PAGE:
Drought caused the Dust Bowl, right? Well, yes, but there’s a little more to the story.
We must remember that history is not a simple case of cause and effect, but rather a vast tangled web of innumerable causes and effects. This means that we probably will never have all the answers to the question of the Dust Bowl. We can, however, examine the possibilities.
What follows is a discussion of only a few of the coinciding events that might have contributed to the Dust Bowl. Hopefully this will whet your appetite for further investigation.
The effect of solar cycles on weather is not fully understood at the present time. However, people have been charting solar cycles since 1755 and weather conditions for even longer than that, and many are convinced that there is a correlation between the two phenomena.
The ins and outs of the debate over climate and solar cycles are beyond the scope of this post. Suffice it to say that the Dust Bowl began around 1930 or 1931, depending on where you lived, and ended between 1936 and 1940. The solar minimum (period of least solar activity) occurred in 1933, while the solar maximum (period of most solar activity) appears to have been around 1936 or 1937.
Note that the Dust Bowl began as solar activity approached a low and ended about the time solar activity reached a peak (making allowance for regional variation). Coincidence? Hard to say. Some scientists believe that during periods of low solar activity, aerosol particles build up in the earth’s atmosphere, instead of being dispersed by solar ejections. These particles in turn become condensation nuclei for clouds. Clouds with large numbers of condensation nuclei tend to produce less precipitation.
Much of the Great Plains was settled by the time the Dust Bowl came around. Even areas with low annual precipitation levels had been occupied by farmers, thanks to quite a bit of propaganda.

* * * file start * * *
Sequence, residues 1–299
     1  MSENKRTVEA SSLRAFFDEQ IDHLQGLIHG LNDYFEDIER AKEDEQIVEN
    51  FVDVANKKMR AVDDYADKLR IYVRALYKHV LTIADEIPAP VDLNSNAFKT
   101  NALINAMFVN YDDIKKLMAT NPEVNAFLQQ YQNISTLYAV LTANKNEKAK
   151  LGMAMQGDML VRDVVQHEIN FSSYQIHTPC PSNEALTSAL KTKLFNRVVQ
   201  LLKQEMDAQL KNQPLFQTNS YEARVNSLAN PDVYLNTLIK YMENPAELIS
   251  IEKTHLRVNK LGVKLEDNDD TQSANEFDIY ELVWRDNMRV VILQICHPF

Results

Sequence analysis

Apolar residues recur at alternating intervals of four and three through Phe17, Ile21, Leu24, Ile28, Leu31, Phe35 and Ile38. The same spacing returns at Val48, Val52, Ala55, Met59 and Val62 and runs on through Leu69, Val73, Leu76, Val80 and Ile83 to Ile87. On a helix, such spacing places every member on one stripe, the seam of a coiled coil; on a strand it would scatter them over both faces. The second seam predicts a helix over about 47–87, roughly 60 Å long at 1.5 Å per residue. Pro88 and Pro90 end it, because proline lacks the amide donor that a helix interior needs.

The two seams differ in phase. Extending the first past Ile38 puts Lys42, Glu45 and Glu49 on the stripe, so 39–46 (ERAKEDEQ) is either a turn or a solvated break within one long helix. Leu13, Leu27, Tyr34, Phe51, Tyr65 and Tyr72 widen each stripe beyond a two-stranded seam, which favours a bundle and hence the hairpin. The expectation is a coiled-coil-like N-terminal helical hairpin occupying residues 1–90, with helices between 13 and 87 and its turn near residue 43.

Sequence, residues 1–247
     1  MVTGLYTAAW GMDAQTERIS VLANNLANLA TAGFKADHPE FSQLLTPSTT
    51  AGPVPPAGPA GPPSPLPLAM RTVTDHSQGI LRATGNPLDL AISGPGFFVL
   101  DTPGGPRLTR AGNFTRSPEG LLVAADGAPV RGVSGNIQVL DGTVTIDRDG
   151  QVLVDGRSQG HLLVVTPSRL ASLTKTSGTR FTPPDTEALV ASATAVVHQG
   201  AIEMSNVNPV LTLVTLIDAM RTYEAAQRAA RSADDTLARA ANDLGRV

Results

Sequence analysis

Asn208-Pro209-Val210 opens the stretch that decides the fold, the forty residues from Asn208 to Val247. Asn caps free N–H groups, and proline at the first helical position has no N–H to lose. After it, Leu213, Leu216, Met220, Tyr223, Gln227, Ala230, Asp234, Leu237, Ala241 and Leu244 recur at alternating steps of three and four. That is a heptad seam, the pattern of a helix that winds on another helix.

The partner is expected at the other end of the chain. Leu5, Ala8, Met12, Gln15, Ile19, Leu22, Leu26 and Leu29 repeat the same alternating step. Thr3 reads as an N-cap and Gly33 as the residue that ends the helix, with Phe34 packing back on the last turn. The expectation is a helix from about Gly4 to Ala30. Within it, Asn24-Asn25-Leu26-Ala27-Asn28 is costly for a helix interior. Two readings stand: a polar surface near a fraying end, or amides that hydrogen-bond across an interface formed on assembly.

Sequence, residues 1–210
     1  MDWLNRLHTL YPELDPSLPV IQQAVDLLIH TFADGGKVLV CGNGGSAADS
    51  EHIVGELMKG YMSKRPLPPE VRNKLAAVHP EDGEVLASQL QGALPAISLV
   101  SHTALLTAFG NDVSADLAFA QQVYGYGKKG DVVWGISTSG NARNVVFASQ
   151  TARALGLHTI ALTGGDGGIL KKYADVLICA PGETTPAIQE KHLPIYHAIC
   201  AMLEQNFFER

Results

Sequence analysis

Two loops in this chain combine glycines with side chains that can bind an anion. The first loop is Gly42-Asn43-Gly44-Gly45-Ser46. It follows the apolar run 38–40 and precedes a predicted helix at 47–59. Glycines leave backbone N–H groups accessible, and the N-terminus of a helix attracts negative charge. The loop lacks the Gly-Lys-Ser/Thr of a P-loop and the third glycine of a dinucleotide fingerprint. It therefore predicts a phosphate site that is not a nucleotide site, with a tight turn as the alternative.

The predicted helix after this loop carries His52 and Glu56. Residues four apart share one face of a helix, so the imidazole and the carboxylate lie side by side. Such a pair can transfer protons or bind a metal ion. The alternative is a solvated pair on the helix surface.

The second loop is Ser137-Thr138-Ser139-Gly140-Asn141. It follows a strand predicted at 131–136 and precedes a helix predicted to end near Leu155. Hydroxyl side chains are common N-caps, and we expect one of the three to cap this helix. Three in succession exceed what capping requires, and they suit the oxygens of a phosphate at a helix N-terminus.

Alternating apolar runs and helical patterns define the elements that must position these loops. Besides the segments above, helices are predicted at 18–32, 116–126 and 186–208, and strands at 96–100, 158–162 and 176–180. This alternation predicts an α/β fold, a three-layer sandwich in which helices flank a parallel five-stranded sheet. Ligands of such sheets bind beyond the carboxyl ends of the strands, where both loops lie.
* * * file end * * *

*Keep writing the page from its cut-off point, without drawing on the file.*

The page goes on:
During the settlement period, land speculator Charles Dana Wilber coined the phrase, “Rain follows the plow,” summarizing an opinion that was very popular in his time. No one was exactly sure why rain might follow the plow. Some people suggested that plowing released soil moisture into the atmosphere and produced rain. Others proposed that the accompanying railroads with their smoke and cold metal rails would lead to more condensation and higher humidity. Still others more than hinted that rainfall was proof of God’s blessing on the doctrine of Manifest Destiny. In any case, plowing was considered to be beneficial to the climate.
In the early 1900s, a plethora of books were published advocating “dry farming” techniques, methods which the authors assured their readers would make the desert blossom like a rose. The prevailing theory at the time was that, since capillarity pulled moisture out of the ground, anything that would tend to break up capillary action would aid the soil in retaining moisture. Farmers were encouraged to plow the soil thoroughly and to leave a dust mulch when cultivating.
As farmers found out, however, loose dirt tends to blow around. “Rain follows the plow” is now considered an obsolete theory, and dust mulches have given way to no-till farming.
Were There Other Causes?
Of course, the two possible causes of the Dust Bowl mentioned above are just the beginning. Other theories have been proposed:
- NASA models suggest that ocean temperatures might have shifted the jet stream and thus altered precipitation patterns.
- World War I had given rise to the motto, “Food will win the war,” a philosophy that encouraged farmers to leave less land in grass and plant more to crops.
- Soil conservation was not something most farmers even thought of at that point in American history.
- The Agricultural Adjustment Act encouraged some farmers to plow crops under, leaving land fallow and susceptible to erosion in such places as hard-hit Oklahoma. The act was not passed until 1933, so its primary effect would have been to worsen the Dust Bowl, rather than directly cause it.
Further investigation would probably bring new possibilities to light.
It behooves us, therefore, to recognize that we don’t have all the answers about the Dust Bowl. Instead, we should continue to pursue the facts, examining events that occurred before and during the Dust Bowl to see if we can uncover any causes that the textbooks have forgotten. History is a gold mine of connections.